LONG BEACH. Platooning technology could offer a major step forward in cutting truck emissions as well as bring significant improvements to highway safety, according to a panel of researchers at the Advanced Clean Technology (ACT) Expo. While the technology is essentially ready, the panel cautioned that achieving those gains faces both regulatory and operational hurdles before platooning can begin to prove its value in real-world fleet use. For at least one major platooning technology developer on the panel, that means holding fleet trials and delivering first production systems to pre-order customers later this year, and ramping up to full volume commercial deployments in 2018.
“All platooning scenarios being considered today offer significant opportunity for fuel and emissions savings in the near future,” said Michael Lammert, a senior engineer with the Dept. of Energy’s National Renewable Energy Laboratory.
Analyzing fleet operational data, the lab estimated that 65% of heavy-duty truck miles could be “platoonable,” that is present conditions when two or more trucks could be paired by the technology to operate closely together at highway speeds. Traffic congestion, scheduling conflicts and “non-driving time” account for the other 35% when platooning would offer no efficiency gains.
If there were high adoption rates for the technology, the DOE lab estimates that running 65% of heavy truck miles in platoon formations would cut overall truck fuel consumption by 4.2%, reducing fuel consumption by 1.5 billion gallons a year, according to Lammert.
A study by the North American Council on Freight Efficiency (NACFE) also predicts a 4% overall improvement in fuel efficiency for highway truck platooning, but cautions that lack of uniformity in state traffic laws present a serious challenge to adoption.
Restrictions on close following distances needed to realize platooning’s fuel savings vary widely from state to state, according to Rick Mihelic, NACFE’s aerodynamic program manager. “They range from no rules at all to a complete tangled mess,” he said during the ACT Expo session. Fleets need predictability before they will invest in platooning systems, which means wide-scale adoption will need “common rules across all 50 states,” Mihelic said.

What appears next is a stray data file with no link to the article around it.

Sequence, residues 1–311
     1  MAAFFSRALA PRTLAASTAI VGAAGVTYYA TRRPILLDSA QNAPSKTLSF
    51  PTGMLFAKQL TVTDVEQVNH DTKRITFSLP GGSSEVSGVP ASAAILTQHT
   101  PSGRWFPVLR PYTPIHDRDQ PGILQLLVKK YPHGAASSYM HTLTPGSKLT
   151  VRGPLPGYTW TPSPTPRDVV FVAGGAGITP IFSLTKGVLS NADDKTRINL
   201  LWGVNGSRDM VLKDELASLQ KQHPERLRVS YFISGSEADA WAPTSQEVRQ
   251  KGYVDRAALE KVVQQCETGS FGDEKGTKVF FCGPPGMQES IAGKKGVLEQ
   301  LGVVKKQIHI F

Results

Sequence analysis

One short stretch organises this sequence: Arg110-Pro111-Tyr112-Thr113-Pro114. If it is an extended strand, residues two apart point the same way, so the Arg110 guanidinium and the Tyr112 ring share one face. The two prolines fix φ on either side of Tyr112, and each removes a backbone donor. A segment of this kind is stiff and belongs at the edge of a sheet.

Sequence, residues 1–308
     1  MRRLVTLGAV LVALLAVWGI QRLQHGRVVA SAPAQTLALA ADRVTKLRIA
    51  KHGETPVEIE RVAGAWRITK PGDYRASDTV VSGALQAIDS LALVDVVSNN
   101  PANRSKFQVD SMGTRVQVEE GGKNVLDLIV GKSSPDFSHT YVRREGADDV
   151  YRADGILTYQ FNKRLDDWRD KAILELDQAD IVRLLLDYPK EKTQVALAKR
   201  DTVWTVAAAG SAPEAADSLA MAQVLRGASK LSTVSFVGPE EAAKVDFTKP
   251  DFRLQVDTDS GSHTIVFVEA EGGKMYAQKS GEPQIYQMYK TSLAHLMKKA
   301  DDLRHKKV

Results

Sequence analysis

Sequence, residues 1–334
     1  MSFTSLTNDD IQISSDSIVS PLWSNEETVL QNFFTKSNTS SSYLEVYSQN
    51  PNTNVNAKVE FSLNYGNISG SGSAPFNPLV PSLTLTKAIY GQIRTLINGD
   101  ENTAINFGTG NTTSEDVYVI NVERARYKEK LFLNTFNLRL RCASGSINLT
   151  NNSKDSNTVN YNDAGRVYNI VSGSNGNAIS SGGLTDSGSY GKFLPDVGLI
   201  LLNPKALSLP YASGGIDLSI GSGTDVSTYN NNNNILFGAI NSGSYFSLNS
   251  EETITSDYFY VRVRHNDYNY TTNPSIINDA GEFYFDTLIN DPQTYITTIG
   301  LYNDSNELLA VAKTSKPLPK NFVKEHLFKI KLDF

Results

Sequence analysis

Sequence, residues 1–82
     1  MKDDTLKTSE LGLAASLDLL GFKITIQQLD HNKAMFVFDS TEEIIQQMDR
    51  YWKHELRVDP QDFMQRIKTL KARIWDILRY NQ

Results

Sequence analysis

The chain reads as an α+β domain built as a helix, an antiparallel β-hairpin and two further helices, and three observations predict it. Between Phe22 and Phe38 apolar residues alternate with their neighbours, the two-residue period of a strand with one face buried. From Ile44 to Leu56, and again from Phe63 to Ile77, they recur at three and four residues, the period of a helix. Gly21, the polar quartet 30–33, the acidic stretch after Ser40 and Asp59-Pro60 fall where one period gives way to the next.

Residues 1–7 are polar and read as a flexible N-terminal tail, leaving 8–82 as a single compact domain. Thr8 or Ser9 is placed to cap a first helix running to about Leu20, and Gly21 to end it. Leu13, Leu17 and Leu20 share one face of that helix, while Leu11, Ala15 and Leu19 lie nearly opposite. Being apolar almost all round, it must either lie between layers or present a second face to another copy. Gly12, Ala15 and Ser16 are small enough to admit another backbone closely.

Not only does truck platooning offer potentially large improvements in fuel consumption and emissions reduction, but it will also improve large-truck safety, according to Steve Boyd, co-founder of Peloton, a company currently developing broad platooning systems that incorporates both on-vehicle and data-management systems.
Two trucks paired in Peloton’s platooning system require both drivers to remain fully engaged in braking and steering their individual vehicles. However, automated emergency braking systems and fast vehicle-to-vehicle (V2V) communications reduces braking application in both trucks from 1.5 seconds for a driver to 0.03 seconds for the automated system, according to Boyd. Pelaton’s system analyzes each truck’s actual performance characteristics before matching two vehicles in a platoon, always assigning the one with the longer stopping distance to the lead position. Dynamic geofencing that monitors external conditions such as traffic, weather and mountain grades also contribute to safer truck operations in platooning mode, he said.
The major operational challenge for platooning is identifying two trucks going in the same direction at the same time. The ACT Expo panelists agreed that early adopters will most likely be large LTL fleets that can match their own tractors moving between terminals, but that broad use of platooning will require some way to pair vehicles across multiple fleets. The issues there include mutual trust that potential partners are operating and maintaining vehicles to high safety standards, deciding who takes the lead position with its significantly lower economy advantage, as well as potentially sharing route data with competitors.
Boyd said that Pelaton has recently signed an agreement with the telematics provider OmniTracs to develop a system that will facilitate cross-fleet platooning. “Truckload carriers in particular don’t often have trucks together on the same routes, so they’re really looking to use cross-fleet pairing as a way to access to platooning gains,” Boyd said. “And pricing [for the platooning service] could be adjusted for that front truck with the lower fuel efficiency.”